149 Days until IRONMAN 70.3 Chattanooga
I make a distinction between the words rest and recovery. I’m telling you this because today was scheduled to be a day of recovery, but it turned out to be a day of rest.
The planned workout for this morning was a 45 minute easy spin. That is what I consider recovery. However, when I woke up, I was super tired and had some congestion in my chest so I decided not to do anything strenuous today. That is what I consider rest.
Something Has To Change
In my youth I was never a competitive athlete and after 13 years of training and racing triathlon, I thought I might be somewhat more competitive. In my mind I’m kicking the trash out of Jan Frodeno, but in reality I’m picking up the trash behind the other athletes. This year is the start of something totally different.
A couple of years ago, I made a promise to myself that I would qualify for Kona. Since that time, I’ve been reflecting on past performances and analyzing race results. One of my conclusions is that I suck… sort of. It’s OK. I’m not down on myself, because another conclusion is that I neither respected the difference between rest and recovery nor did I understand what their purpose was in the overall training process. In fact, I never really trained with much purpose at all.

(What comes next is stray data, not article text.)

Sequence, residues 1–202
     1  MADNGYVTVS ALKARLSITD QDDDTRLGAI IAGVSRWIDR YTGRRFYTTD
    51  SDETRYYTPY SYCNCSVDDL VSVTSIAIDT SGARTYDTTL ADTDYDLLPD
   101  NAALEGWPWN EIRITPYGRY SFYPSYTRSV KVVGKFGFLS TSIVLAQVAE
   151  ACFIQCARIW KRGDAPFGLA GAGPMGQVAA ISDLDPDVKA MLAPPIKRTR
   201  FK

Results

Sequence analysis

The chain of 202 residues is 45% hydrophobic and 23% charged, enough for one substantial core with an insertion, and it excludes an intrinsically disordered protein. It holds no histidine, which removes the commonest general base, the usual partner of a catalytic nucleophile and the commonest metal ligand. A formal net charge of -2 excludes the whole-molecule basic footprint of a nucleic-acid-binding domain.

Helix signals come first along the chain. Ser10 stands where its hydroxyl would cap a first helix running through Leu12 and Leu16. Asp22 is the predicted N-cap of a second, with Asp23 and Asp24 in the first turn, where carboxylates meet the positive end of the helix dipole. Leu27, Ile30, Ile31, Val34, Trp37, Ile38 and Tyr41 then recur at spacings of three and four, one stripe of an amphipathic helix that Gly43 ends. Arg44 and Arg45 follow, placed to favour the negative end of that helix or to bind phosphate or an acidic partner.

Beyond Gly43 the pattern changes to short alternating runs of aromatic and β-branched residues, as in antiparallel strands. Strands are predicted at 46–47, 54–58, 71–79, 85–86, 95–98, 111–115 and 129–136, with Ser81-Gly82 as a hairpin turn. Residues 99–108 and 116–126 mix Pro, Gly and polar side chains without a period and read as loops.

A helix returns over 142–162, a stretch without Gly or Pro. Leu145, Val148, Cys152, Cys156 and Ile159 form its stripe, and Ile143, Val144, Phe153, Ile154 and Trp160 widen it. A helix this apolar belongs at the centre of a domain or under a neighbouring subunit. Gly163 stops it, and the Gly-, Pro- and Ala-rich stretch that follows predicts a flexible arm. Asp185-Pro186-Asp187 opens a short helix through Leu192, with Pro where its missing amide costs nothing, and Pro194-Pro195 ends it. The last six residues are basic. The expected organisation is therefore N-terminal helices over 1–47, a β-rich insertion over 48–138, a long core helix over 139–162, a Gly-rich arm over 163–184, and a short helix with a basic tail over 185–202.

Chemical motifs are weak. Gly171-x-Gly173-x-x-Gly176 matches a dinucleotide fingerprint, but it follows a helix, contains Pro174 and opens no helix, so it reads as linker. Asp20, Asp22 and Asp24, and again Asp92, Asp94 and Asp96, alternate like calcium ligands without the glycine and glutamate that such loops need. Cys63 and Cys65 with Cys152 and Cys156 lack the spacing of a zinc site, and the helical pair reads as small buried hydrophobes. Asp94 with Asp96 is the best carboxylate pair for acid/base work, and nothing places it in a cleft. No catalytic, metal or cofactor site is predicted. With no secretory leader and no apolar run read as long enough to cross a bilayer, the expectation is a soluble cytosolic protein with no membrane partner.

I used to violate my recovery workouts all the time. When I was supposed to be in zone 2, I was actually riding or running in zoned out. I either didn’t pay attention or I was riding with a group and that group mentality I think is what killed me. Fatigue was a constant companion in those days. I know better now.
Most of us have familial and work obligations so I’m sure you know what I’m talking about when I say rest is hard to observe. How many times have we come home from a long ride ready to rest and then be asked by the kids to go to the park or go shopping or just do something that is not restful. And how can you tell your kids no?
Horseshoeing builds back, and quad muscles.
I used to come home from a ride or long run and head out to the barn to work with the horses. And the kind of work I do with horses is far from rest. Back then I never considered that shoeing horses after a long ride would be detrimental to my triathlon training. It wasn’t always shoeing horses: sometimes it was fixing fence, or clearing dead trees, or mowing the ditch or going on family outings. No wonder I was always fatigued.
This year, actually this blog, marks the beginning of a change. It’s a change that I know will stick. I have goals. I have objectives. I have purpose. The 2020 training plan for this athlete is packed with purposeful workouts and purposeful rest.
Coach Sami gave me a great idea regarding the horseshoeing: judiciously substitute it for strength workouts. With the right scheduling I can make it work. Thanks, Sami.